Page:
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Retrial Of Man Convicted In 2010 Of Chandra Levy's Killing Will Begin In March 2016 –– Intern's Death Shocked The Nation 14 Years Ago

Chandra Levy Murder Retrial Ingmar Guandique

Jun. 15 2015, Published 1:51 p.m. ET

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The 33-year-old man convicted of killing Chandra Levy in 2010 will head to court March 1, 2016, to begin his retrial in the shocking 2001 killing.

Ingmar Guandique was granted the new trial by Washington D.C. Judge Robert E. Morin Friday, after his legal team was given a new trial earlier this month, on the grounds that Guandique's former prison cellmate Armando Morales had delivered false or misleading testimony during the trial five years ago.

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The retrial could involve testimony from a neighbor who said she heard a "blood-curdling scream" that "may have come from Chandra's apartment," as a source previously told The National ENQUIRER.

As previously reported, the testimony delivered by Morales -- who said Guandique had confessed the crime to him -- was questioned, after his testimony about his understanding of how to report crimes to authorities was proven false.

Levy's saga was the biggest story in the country prior to the 9/11 attacks in 2001, after the 24-year-old disappeared during a May 1 jog in Washington's Rock Creek Park, casting controversy toward her lover at the time, former U.S. Rep. Gary Condit. (The married politician, a Democrat from California, was ruled out as a suspect in the mysterious murder.)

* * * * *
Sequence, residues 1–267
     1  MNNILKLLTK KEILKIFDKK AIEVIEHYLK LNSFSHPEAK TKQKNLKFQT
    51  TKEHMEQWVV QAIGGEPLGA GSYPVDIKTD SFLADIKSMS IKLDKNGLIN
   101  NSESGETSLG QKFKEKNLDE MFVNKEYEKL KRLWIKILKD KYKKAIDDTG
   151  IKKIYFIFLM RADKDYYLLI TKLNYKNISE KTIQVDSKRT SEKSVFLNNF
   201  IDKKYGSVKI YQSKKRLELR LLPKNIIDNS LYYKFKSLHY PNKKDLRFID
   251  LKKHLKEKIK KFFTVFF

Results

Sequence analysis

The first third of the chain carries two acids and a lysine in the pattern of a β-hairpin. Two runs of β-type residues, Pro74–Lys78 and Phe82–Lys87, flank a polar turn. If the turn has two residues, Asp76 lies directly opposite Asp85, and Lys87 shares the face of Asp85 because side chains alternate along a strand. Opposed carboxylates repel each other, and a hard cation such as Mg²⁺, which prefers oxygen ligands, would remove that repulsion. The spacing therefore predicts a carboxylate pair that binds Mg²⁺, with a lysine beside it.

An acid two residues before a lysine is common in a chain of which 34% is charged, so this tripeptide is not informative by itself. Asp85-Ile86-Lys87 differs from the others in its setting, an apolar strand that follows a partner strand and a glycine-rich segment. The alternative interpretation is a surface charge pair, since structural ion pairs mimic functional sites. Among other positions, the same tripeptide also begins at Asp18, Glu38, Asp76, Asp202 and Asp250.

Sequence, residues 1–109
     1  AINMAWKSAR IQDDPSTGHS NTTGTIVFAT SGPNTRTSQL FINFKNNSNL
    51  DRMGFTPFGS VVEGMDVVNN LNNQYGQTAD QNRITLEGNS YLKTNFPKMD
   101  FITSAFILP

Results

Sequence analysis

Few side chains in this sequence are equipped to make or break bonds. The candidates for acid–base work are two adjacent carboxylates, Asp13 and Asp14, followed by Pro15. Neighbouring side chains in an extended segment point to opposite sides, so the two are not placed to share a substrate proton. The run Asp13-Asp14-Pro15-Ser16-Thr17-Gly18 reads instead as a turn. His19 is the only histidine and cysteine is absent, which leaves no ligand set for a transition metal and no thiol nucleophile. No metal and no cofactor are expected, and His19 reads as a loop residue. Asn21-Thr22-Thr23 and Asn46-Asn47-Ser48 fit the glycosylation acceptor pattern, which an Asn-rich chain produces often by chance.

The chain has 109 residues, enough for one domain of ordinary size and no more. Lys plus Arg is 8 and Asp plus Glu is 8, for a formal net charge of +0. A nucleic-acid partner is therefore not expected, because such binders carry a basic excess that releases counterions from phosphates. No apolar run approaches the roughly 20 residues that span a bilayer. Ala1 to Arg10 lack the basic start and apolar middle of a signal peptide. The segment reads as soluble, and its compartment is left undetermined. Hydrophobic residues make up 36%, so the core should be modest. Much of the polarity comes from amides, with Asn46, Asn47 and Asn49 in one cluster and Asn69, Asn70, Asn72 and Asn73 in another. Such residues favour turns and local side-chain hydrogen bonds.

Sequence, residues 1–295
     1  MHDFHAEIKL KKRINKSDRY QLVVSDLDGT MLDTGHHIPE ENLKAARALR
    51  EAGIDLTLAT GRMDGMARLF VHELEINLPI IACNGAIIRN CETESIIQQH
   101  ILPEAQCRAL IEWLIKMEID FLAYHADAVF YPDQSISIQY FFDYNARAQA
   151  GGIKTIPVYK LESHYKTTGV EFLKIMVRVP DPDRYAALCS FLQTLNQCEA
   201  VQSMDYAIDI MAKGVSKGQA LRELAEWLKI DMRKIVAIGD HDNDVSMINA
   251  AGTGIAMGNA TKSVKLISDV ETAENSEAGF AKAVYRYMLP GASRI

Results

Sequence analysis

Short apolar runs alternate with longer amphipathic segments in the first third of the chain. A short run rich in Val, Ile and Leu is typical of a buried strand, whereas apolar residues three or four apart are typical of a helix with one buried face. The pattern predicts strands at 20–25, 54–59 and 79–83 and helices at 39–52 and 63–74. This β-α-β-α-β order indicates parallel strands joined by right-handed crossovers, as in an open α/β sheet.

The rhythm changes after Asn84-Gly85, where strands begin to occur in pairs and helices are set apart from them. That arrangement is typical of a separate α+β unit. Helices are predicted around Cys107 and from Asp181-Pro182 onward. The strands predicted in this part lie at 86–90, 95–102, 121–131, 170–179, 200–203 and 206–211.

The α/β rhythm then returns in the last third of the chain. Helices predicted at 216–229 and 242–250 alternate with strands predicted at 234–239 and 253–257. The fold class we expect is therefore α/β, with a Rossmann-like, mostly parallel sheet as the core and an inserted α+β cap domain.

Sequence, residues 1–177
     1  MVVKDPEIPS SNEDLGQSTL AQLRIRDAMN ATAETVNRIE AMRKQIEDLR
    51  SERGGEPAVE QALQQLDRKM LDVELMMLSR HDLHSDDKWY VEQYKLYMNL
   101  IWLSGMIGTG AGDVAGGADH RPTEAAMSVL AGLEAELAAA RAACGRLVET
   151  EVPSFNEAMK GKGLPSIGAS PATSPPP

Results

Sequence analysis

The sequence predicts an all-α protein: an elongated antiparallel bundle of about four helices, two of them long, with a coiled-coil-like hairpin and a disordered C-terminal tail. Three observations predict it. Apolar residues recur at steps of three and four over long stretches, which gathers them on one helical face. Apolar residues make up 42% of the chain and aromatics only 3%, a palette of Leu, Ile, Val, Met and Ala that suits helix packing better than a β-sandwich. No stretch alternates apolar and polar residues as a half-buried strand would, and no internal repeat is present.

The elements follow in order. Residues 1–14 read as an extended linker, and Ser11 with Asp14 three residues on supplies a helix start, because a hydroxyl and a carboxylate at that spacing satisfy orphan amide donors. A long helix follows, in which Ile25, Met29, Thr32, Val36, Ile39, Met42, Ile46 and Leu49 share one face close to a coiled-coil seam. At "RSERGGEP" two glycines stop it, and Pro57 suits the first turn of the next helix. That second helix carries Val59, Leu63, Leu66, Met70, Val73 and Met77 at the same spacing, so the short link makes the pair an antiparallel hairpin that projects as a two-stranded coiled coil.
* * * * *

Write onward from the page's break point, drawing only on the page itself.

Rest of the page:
When Condit testified in Guandique's 2010 trial, he stayed mum about his reported romance with Levy, saying the two were on good terms prior to her murder, and that he had nothing to do with her death.

Ingmar Guandique
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Levy's remains were found in the Rock Creek Park in 2002, and eight years later, El Salvadorian immigrant Guandique received a 60-year sentence in her death.

Earlier this month, insiders close to the Levy family told The ENQUIRER that Chandra's mother Susan approved of a retrial in her quest to "to know the truth" about what happened to her daughter, an intern with the Federal Bureau of Prisons intern.

"She has long harbored doubts about whether they got the right man," a source told The ENQUIRER. "Nothing can bring Chandra back, but Susan knows how the government has covered up other cases."



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